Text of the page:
Supercars will begin piecing together its post-2020 TV deal this year, according to new CEO Sean Seamer.
The series is currently in the fourth year of a landmark deal with Fox Sports inked for the 2015 season, which saw a pay TV provider take over the broadcast rights for the first time.
Fox Sports now shows every Supercars session live, while free-to-air broadcaster Network Ten has a shared deal for six live races and highlights on delay of the other rounds.
Attention is now set to turn to the series’ next TV deal, with ex-MediaCom boss Seamer, who officially took over the Supercars CEO role at the Adelaide 500 at the beginning of the month, confirming that broadcast rights is near the top of his to-do list.
“I think that’s a natural expectation. Given my background people will be expecting me to be looking at that,” said Seamer.
“First of all, I’m not going to rush it. Second of all we’ll look at what we can learn from other codes and other motorsport entities globally, in terms of how they’re approaching it to get the best value for their fans, partners, sponsors.
“We would expect those conversions would start in earnest this year, given the timelines we’re working towards.
“But like I said, we’re not going to rush it. The primary focus is how to we maintain a fantastic product – and the viewing product, anyone who comes and looks at the cars will tell you how good this product is and the way we produce it. Then, it’s making sure our fans and sponsors can extract as much value from the platform as possible.”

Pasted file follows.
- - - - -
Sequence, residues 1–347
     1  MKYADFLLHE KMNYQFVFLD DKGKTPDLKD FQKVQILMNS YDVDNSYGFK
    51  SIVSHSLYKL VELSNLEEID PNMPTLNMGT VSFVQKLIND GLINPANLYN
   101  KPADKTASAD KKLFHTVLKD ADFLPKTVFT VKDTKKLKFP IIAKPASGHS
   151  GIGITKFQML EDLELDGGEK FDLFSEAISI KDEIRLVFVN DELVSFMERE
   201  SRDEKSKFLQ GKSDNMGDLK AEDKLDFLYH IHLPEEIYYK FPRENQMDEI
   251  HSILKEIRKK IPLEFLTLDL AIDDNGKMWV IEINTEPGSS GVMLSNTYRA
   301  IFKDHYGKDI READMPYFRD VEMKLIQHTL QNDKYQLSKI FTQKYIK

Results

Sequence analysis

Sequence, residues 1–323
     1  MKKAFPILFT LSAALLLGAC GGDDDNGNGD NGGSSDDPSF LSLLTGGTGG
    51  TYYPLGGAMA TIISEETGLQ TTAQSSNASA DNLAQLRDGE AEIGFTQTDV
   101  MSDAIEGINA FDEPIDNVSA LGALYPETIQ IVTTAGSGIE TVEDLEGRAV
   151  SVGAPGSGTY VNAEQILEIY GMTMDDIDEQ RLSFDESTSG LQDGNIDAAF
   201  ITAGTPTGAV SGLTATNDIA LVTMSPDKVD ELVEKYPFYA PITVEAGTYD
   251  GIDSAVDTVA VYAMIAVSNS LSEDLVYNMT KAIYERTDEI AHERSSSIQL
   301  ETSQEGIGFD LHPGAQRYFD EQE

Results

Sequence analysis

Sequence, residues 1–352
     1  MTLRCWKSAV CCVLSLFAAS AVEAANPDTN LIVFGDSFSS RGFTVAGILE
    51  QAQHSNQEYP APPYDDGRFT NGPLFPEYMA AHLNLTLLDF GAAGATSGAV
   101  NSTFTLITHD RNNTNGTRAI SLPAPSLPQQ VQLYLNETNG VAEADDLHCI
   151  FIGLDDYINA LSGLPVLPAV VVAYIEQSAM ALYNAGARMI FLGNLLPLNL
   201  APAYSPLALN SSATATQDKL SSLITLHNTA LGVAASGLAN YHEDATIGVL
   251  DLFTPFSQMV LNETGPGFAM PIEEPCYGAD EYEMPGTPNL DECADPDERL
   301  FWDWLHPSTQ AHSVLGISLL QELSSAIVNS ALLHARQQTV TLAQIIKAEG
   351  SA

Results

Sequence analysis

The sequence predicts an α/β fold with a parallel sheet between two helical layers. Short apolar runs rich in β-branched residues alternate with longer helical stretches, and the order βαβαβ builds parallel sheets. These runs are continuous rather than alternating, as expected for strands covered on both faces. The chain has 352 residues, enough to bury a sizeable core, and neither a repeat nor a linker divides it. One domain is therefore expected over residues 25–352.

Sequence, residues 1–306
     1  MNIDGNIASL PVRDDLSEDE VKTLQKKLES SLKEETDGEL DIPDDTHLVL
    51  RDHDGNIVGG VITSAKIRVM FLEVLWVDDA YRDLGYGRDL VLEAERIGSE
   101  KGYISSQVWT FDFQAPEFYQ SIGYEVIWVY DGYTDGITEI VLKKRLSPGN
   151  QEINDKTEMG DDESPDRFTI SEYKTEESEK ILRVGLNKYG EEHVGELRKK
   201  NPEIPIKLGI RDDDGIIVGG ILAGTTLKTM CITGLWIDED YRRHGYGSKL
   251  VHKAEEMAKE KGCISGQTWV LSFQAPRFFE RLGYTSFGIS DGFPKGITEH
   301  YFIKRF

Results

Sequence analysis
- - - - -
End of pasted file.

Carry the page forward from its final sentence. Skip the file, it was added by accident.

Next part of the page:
Not fazed by “pay TV battle”
The shift to Fox Sports a little over three years ago was a controversial one, the lack of consistent live Supercars action on free-to-air TV angering parts of the traditional fan base.
Seamer is hoping to shift the focus away from the “pay TV battle” as he investigates a new deal, hinting at a mix of broadcast options including digital.
“There’s probably a bit too much focus on pay versus free-to-air,” Seamer added.
“We’ve got to take a step back as Supercars, and say how do we maximise reach delivery across all media for our fans and our sponsors? How do we look at a mix of digital, free-to-air, pay TV, and all of the different assets and routes to a consumer that we have and maximise that, rather than getting caught up in the pay TV battle?”
That could mean a more aggressive move into the OTT space, following the lead of Formula 1, which will launch its own groundbreaking live streaming platform to a number of markets this season.
The sticking point, however, is the slow internet speeds in Australia – an issue compounded by the delayed rollout of the National Broadband Network.
“Amazon Prime has made a big play for sport, Facebook has started to talk about it. Even the traditional players here, whether its free-to-air or Fox, are looking at it,” said Seamer.
“We’ve got to keep an eye on NBN rollout and making sure we’ve got the bandwidth, because reach is important.
“There is the ability to deliver it, and then there’s the ability to receive it for the consumer.
“That’s the balance we have to look at as we go through the process.”